“Standard operating procedure is usually to restore from backup,” explains Barak. “Obviously, that's a challenge on a large scale if multiple servers or endpoints were impacted as it is a time-consuming activity during which services are unavailable and you're basically losing money. From an attacker’s perspective, ideally, defenders will focus on recovering service availability, assuming that they were randomly hit by a generic piece of ransomware as opposed to investing time and effort to understand how it happened and why and think about what else is going on here.”

Warning signs of pseudo-ransomware

Telling the difference between a genuine extortion attempt and a cover up is incredibly difficult. BitDefender’s Arsene says any ransomware attack that doesn’t display a ransom note is usually a dead giveaway that attackers could be covering their tracks, but there are few other easy tells.

“In the vast majority of the cases that we've seen where wipers were used in the facade of ransomware, there wasn't anyone there to collect the funds,” says Cybereasons’ Barak. “Usually they are modified versions of known ransomware strain. The attack group takes a ransomware strain that is fairly well-known, and they just modify it to serve as a wiper.”

While paying in cases of extortion attempts is never recommended, in this example you may be wasting money by sending it to an attacker that isn’t set up to receive funds or doesn’t have the decryption key — or they may have already taken what they wanted from you.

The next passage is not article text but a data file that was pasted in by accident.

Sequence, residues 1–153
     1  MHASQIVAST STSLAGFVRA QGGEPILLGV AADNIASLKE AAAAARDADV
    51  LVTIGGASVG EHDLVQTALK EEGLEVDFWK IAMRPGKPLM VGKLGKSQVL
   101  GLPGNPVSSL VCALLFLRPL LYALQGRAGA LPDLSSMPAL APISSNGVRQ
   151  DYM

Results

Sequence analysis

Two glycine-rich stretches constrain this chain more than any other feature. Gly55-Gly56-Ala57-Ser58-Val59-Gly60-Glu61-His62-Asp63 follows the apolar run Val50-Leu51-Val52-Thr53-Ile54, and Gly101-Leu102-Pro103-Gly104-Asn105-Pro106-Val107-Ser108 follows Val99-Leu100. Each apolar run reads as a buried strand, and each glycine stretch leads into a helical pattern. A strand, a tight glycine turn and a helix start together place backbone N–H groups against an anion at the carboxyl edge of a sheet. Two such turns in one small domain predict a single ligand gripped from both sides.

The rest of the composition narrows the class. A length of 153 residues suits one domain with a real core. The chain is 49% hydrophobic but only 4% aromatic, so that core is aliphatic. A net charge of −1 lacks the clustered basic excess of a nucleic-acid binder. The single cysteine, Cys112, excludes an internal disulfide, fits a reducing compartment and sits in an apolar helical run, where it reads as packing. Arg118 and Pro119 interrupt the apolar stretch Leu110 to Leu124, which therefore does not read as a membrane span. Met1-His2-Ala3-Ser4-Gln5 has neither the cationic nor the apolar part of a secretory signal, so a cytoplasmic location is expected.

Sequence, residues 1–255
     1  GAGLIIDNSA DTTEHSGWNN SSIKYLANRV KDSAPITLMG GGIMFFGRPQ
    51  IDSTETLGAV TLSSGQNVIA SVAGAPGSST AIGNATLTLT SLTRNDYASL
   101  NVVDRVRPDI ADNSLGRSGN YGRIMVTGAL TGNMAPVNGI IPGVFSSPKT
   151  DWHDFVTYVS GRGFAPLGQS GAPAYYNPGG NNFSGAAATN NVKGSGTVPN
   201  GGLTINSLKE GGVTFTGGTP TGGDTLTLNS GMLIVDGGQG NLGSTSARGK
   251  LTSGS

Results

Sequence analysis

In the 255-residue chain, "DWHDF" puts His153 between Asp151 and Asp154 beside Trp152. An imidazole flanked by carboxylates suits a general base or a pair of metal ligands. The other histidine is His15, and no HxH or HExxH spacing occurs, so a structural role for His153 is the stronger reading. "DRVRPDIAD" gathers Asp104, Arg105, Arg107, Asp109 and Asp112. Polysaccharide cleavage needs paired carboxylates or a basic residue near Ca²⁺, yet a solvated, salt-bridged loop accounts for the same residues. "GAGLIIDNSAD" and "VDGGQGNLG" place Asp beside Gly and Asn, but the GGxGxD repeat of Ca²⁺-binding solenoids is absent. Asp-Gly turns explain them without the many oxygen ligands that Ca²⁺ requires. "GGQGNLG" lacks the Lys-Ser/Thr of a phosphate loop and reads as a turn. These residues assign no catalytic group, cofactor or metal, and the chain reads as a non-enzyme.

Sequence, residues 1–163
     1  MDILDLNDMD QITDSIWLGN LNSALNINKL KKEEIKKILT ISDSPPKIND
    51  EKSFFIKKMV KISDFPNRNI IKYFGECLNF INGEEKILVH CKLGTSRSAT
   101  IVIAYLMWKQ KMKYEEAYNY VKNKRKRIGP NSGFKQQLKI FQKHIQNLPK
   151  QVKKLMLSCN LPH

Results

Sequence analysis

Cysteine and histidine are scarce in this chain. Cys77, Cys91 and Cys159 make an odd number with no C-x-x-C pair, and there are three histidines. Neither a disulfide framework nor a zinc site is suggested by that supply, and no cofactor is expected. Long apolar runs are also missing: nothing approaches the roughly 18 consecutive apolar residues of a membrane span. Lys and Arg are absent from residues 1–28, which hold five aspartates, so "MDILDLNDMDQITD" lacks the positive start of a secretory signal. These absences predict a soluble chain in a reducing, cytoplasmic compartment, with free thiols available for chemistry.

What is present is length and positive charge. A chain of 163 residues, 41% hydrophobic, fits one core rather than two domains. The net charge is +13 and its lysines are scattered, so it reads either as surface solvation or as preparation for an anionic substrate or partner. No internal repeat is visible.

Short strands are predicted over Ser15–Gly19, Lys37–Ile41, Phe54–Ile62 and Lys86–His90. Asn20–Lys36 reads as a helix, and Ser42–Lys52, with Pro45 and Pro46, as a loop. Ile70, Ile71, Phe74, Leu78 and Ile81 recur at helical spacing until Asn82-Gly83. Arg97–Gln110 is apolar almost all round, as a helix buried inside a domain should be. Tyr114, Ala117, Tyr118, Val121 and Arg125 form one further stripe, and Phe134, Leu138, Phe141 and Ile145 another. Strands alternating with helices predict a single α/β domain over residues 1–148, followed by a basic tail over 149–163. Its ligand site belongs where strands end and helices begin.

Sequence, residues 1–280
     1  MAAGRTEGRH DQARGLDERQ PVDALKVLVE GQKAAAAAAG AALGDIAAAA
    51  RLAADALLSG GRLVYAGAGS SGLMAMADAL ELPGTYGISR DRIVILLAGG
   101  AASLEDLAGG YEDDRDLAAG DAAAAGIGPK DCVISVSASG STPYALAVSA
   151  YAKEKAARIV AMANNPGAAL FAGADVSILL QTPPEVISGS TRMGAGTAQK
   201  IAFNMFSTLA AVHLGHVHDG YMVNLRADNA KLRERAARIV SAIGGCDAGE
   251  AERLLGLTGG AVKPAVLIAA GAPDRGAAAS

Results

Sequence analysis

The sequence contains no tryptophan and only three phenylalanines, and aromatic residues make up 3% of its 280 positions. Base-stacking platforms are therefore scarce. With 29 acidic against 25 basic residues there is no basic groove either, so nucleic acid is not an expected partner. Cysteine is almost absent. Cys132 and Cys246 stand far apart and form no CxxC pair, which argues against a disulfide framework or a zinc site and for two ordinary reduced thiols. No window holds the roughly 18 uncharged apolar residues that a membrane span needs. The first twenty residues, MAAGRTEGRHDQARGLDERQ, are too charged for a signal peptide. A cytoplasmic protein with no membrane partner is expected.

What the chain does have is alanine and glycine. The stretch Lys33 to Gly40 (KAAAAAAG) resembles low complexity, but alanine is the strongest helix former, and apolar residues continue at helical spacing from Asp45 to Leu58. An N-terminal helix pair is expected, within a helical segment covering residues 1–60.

Instead, organizations should treat any ransomware attack as a potential data breach and should trigger appropriate investigation and forensic procedures. The best way to really know the ransomware’s intent is to be proactive and gain as much visibility into network and endpoint activity as possible before an attack happens. 

“What ransomware cannot hide is network traffic, which is why during a forensic investigation it’s important to cover that aspect as well, as it usually reveals anomalous endpoint behavior, lateral movement, and even communication with C&Cs,” says Arsene. “Looking for signs that a ransomware infection could be used to cover a data breach should also involve performing a network-level investigation and analyzing all network and endpoint event information dating back to days, weeks and even months prior to the ransomware incident.”

Copyright © 2019 IDG Communications, Inc.